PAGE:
The court did not stop, however, with mere declarations as to the meaning of the will and codicil, and as to the rights of the parties thereunder in the store property and the hotel property. It incorporated in the judgment provisions ordering the sale of the store property and of the specifically described portion of the hotel property for named amounts, and appointing a commissioner to make such sales and to execute conveyances to the purchasers, and providing for the division of the proceeds arising from such sales among the parties to the action according to their respective rights in the land to be sold as declared by the judgment.
These provisions are not declaratory in nature, and the plaintiffs, who are sui juris, have not appealed. For these reasons, we are not concerned on this appeal with the validity of these provisions of the judgment insofar as they relate to the sale of the store property and the interests of the various plaintiffs in the hotel property. But an appropriate exception interposed by the defendants requires us to pass upon their effectiveness insofar as they purport to authorize or direct a sale of the interests of the infant defendants in the hotel property or any part thereof.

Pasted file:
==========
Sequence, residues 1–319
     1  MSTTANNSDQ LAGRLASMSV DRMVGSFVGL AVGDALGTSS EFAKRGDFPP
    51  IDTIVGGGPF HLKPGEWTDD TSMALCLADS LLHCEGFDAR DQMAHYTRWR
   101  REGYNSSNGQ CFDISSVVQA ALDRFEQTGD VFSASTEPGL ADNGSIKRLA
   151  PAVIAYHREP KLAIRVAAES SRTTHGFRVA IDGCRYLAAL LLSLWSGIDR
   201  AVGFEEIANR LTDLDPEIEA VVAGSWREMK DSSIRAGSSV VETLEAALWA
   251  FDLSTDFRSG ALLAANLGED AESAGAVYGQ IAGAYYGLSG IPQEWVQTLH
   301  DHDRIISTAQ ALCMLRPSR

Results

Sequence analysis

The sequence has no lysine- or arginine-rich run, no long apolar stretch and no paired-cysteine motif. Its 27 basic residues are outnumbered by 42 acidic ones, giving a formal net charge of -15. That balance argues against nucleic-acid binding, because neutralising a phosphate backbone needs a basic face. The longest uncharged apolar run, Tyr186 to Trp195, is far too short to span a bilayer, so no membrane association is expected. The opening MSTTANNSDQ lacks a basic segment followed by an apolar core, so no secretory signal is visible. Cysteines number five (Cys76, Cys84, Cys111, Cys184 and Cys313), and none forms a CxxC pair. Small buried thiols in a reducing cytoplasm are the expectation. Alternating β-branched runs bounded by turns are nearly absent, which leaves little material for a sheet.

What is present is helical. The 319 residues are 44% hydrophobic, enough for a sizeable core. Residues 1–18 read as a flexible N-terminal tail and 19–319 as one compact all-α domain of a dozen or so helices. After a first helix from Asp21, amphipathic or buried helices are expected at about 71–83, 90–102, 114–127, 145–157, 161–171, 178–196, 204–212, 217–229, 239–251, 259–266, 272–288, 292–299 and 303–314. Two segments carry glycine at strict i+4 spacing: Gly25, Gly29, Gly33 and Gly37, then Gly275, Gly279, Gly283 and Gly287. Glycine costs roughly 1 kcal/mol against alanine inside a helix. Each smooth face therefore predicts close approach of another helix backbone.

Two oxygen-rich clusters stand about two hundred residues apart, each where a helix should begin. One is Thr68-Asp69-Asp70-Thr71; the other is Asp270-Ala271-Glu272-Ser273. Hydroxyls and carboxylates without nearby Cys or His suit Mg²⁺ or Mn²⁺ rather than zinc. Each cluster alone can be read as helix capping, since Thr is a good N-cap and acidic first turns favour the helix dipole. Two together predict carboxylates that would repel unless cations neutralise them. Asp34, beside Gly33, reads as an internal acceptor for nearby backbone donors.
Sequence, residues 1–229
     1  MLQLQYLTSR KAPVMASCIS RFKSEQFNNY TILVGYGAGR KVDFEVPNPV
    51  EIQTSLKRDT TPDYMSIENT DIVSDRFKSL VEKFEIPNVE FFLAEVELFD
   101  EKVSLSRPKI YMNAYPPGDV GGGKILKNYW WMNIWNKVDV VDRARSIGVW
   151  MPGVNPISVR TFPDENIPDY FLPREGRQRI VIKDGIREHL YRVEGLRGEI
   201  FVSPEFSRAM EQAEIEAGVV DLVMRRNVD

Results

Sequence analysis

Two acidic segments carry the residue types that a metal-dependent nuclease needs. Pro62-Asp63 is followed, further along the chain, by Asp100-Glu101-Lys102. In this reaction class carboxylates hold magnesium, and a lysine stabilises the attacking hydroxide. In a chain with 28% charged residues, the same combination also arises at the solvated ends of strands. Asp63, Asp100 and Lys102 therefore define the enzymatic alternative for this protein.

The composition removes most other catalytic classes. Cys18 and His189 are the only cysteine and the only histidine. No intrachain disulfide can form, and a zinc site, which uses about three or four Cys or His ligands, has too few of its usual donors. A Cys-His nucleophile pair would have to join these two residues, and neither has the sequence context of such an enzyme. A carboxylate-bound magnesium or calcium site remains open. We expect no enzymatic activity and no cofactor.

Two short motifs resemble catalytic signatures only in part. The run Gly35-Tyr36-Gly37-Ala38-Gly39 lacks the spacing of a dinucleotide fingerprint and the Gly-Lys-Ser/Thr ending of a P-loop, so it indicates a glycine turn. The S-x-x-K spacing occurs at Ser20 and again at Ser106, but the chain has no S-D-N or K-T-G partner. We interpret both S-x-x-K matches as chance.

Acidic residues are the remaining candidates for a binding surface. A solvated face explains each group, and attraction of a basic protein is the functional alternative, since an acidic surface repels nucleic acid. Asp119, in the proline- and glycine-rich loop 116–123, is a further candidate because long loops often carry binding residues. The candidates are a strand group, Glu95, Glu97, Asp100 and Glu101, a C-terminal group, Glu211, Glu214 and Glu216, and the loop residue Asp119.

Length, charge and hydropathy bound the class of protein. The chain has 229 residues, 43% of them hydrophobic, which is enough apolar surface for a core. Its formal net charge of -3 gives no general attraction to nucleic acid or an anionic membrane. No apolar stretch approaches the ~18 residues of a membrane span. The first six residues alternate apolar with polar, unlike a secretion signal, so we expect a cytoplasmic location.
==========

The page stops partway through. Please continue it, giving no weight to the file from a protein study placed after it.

There is some diversity of opinion in the various jurisdictions as to how far courts may properly go in awarding affirmative relief in declaratory judgment actions. The present record presents no occasion for expressing an opinion on this question. It is plain that the declaratory judgment acts do not abrogate the ordinary rules of pleading and evidence. Even the most liberal courts will not grant affirmative relief in a declaratory judgment action in the absence of pleading and proof warranting such relief. 16 Am.Jur., Declaratory Judgments, section 73.
Since there is no suggestion by pleading or evidence that the proposed sale of the interests of the infant defendants in the hotel property will benefit them, the order for the sale of such interests is without warrant in the record and must be stricken from the judgment, even if it be conceded that the court may exercise in a declaratory judgment action its inherent power as a court of equity to authorize sales of the real estate of infants in proper instances. Marsh v. Dellinger, 127 N.C. 360, 37 S.E. 494; Rowland v. Thompson, 73 N.C. 504; Williams v. Harrington, 33 N.C. 616, 53 Am.Dec. 421.
The judgment in the trial court is modified to conform to this opinion. As thus modified, it is affirmed.
Modified and affirmed.